Daily Rules, Proposed Rules, and Notices of the Federal Government
The Commission is adopting rules for the operation of a registered clearing agency that identify minimum standards designed to enhance the regulatory framework for clearing agency supervision.
Congress directed the Commission to facilitate the establishment of a national system for the prompt and accurate clearance and settlement of securities transactions when it added Section 17A to the Exchange Act as part of the Securities Acts Amendments of 1975.
The Commission used this experience with regulating clearing agencies to help address developments recently in the over-the-counter (“OTC”) derivatives markets. In December 2008, the Commission acted to facilitate the central clearing of credit default swaps (hereinafter referred to as “credit default swaps” or “CDS”), the largest category of OTC security-based swaps, by permitting certain entities that performed central counterparty (“CCP”) services to clear and settle credit default swaps on a temporary, conditional basis.
Section 17A of the Exchange Act
On July 21, 2010, President Barack Obama signed the Dodd-Frank Act into law.
Title VII of the Dodd-Frank Act (“Title VII”) provides the Commission and the Commodity Futures Trading Commission (“CFTC”) with enhanced authority to regulate certain OTC derivatives in response to the recent financial crisis.
Title VII was designed to provide greater certainty that, wherever possible and appropriate, swap and security-based swap contracts formerly traded exclusively in the OTC market are centrally cleared.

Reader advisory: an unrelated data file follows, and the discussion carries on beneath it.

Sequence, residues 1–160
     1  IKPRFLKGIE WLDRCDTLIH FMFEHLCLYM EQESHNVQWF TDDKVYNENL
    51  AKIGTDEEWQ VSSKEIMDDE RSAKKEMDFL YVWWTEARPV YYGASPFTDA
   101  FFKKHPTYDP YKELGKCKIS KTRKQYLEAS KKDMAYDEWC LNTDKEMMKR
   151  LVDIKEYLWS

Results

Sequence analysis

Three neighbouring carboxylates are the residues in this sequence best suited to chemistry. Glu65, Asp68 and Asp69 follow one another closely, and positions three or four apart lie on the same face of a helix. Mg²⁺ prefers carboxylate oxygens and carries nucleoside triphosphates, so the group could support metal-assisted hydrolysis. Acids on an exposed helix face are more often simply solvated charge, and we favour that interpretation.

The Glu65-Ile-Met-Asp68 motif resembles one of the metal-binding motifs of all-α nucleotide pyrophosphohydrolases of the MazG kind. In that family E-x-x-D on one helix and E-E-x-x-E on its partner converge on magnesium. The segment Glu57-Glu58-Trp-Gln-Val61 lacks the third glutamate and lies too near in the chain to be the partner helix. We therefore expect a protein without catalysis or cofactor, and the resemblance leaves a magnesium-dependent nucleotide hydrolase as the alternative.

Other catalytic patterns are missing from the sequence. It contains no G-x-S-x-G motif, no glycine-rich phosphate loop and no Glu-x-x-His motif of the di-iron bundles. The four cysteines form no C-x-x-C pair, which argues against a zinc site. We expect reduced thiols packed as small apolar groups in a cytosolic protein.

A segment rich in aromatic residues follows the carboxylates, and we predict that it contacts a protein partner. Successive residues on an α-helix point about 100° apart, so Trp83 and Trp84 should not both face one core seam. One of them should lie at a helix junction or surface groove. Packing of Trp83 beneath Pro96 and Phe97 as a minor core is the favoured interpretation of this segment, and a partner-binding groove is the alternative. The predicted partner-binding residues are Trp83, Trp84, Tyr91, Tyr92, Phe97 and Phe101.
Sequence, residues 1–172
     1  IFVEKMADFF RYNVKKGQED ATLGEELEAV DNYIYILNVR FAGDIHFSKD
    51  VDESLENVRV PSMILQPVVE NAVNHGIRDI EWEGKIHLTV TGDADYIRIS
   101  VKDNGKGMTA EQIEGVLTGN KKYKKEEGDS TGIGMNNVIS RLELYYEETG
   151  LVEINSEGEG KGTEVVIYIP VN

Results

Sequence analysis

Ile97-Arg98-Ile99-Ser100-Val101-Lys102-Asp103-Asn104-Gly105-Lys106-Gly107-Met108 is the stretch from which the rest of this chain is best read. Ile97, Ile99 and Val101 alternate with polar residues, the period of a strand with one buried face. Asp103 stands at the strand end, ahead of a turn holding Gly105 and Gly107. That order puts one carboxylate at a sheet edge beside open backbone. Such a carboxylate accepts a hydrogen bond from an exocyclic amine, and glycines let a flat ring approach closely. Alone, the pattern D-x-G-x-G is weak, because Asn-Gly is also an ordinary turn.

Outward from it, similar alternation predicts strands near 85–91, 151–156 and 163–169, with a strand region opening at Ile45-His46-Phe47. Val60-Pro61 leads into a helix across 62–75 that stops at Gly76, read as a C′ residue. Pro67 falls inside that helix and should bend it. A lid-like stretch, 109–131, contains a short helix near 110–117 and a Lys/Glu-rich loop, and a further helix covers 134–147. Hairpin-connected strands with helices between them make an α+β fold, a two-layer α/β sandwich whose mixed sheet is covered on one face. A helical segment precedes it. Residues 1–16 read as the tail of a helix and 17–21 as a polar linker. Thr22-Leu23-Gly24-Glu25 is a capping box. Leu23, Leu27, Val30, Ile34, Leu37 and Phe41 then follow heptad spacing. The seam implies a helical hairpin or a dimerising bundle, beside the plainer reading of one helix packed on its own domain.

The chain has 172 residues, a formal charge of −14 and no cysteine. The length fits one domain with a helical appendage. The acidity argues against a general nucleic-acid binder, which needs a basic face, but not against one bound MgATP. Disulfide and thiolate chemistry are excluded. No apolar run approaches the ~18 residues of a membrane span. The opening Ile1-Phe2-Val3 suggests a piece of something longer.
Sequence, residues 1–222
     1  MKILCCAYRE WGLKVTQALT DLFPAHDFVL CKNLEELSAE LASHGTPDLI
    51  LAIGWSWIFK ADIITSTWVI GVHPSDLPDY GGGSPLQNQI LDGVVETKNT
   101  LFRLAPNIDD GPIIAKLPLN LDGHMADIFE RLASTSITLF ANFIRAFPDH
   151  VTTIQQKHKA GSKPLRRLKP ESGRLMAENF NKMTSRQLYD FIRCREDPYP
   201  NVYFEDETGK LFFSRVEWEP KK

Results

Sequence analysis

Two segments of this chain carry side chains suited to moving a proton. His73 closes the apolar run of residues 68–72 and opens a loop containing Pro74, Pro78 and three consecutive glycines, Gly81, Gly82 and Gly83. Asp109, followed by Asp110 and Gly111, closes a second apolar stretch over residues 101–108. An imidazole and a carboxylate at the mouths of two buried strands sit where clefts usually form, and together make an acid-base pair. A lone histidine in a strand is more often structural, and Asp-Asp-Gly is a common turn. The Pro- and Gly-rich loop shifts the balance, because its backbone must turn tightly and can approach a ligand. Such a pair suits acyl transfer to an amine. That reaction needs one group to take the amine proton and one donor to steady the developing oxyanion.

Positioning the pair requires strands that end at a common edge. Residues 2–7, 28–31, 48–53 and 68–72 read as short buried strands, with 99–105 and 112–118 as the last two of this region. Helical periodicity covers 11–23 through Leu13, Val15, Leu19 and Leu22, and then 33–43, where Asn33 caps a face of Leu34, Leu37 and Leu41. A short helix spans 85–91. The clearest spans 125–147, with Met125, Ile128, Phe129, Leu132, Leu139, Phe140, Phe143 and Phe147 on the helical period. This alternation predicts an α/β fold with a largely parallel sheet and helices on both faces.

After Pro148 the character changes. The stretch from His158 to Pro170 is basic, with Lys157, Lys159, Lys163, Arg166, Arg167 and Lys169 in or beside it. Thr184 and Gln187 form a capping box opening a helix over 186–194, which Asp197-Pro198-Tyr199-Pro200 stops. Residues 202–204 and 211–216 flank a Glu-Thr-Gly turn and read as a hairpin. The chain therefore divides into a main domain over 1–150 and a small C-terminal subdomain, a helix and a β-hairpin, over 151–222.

In addition to the provisions from Title VII that expand the Commission's authority under the Exchange Act to include activities related to security-based swaps, Title VIII of the Dodd-Frank Act, entitled the Payment, Clearing, and Settlement Supervision Act of 2010 (“Clearing Supervision Act”), establishes an enhanced supervisory and risk control system for systemically important clearing agencies and other financial market utilities (“FMUs”).
The definition of “financial institution,” which is contained in Section 803(5) of the Clearing Supervision Act, outlines numerous exclusions but defines financial institution as a branch or agency of a foreign bank, an organization operating under Section 25 or 25A of the Federal Reserve Act, a credit union, a broker or dealer, an investment company, an insurance company, an investment adviser, a futures commission merchant, commodity trading advisor or commodity pool operator and any company engaged in activities that are financial in nature or incidental to a financial activity. 12 U.S.C. 5462(5)(A).
Section 17A(i) of the Exchange Act provides that the Commission, in establishing clearing agency standards and in its oversight of clearing agencies, may conform such standards and such oversight to reflect evolving international standards.
The Board applies these standards in its supervisory process and expects systemically important systems, as determined by the Board and subject to its authority, to complete a self-assessment against the standards set forth in the policy.
On March 3, 2011, the Commission proposed for comment a series of rules related to standards for the operation and governance of clearing agencies (“Proposing Release”).